Someone once said that the past is a good place to visit, but I wouldn't want to live there.  Wise sentiments.  But as a writer, I'm not willing to let go.  Instead, I've decided to drag the past along with me, using it as an entrepot for my stories.  There is nothing to writing.  All you do is sit down at a typewriter and bleed.  ~Ernest Hemingway

en·tre·pôt   (ŏn'trə-pō'
French, from entreposer, to store : entre, in, among 
(from Latin inter-; see inter-) + poser, to place 

A pleasant piece of the past reemerged last night.  I had the good fortune of visiting with my kindergarten teacher at a local restaurant.  She still has the same smiling eyes.  I am no longer the five year-old with big blue eyes and long brown hair, the little one who even then talked a bit too much.  I've grown up a lot.  She hugged me and told me how proud she is of me.  Only as high as I reach can I grow, only as far as I seek can I go, only as deep as I look can I see, only as much as I dream can I be. ~Karen Ravn  There is something so comforting about a grandmotherly hug to reassure you how very much you matter.  Thank you, Mrs. Jones.  And speaking of grandmotherly, Mrs. P. came to visit the classroom today.  It is Wednesday and we are a part of her regular mid-week routine.  She visits two first grade classrooms each week and reads with the students.  Last week she celebrated her 82nd birthday.  She decorated approximately 5 dozen cupcakes for her first grade friends.  Today in my mailbox, there was a glittery thank-you note which read:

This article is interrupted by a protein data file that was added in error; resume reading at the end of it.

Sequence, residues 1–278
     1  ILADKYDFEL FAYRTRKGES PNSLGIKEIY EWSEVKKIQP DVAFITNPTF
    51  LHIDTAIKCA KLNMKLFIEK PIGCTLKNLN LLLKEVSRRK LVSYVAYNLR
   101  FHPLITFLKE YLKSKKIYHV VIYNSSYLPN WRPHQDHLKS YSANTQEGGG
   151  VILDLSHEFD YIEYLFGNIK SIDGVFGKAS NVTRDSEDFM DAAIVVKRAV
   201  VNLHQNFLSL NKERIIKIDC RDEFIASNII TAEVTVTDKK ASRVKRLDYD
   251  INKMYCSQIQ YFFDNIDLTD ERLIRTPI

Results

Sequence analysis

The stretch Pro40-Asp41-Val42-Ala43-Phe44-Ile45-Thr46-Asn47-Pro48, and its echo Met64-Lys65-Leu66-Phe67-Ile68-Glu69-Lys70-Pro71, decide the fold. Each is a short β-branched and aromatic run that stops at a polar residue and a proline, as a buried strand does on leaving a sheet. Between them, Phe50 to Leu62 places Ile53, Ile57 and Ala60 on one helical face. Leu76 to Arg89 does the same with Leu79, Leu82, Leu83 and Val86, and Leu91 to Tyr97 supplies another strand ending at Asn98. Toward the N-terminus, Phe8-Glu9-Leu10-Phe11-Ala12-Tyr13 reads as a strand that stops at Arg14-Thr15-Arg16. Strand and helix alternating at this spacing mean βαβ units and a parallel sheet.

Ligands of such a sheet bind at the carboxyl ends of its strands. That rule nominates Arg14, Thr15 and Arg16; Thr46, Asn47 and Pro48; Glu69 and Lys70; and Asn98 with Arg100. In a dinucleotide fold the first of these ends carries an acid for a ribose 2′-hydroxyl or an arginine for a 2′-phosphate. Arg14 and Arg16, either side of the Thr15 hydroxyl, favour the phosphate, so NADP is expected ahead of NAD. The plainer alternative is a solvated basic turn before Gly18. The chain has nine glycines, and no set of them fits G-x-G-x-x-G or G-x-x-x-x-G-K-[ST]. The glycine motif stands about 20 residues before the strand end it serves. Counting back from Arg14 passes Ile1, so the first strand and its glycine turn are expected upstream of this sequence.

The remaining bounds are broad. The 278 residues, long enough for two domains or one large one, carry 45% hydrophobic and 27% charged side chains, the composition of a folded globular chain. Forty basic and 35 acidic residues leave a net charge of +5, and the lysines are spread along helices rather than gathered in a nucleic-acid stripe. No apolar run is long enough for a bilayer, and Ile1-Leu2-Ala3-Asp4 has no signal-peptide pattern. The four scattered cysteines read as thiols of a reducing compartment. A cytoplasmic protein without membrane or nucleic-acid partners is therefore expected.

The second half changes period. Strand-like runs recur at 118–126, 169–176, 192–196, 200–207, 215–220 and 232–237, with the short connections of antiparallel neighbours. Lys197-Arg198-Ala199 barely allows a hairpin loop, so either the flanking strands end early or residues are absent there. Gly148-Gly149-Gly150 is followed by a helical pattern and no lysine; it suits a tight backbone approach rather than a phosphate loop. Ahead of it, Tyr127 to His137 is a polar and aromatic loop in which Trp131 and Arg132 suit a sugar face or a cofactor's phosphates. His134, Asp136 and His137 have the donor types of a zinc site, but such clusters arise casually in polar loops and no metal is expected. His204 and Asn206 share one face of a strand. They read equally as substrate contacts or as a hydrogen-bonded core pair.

Dear Mrs. G and First Grade~ 
Thank you for making my birthday so special.  I loved all of your cards!  
See you next week, Mrs. P.

When she appeared today, she was carrying a bucket of these.  Happy Easter to you as well, Mrs. P!  

Easter Bunny
~complete with jelly bean eyes and licorice whiskers~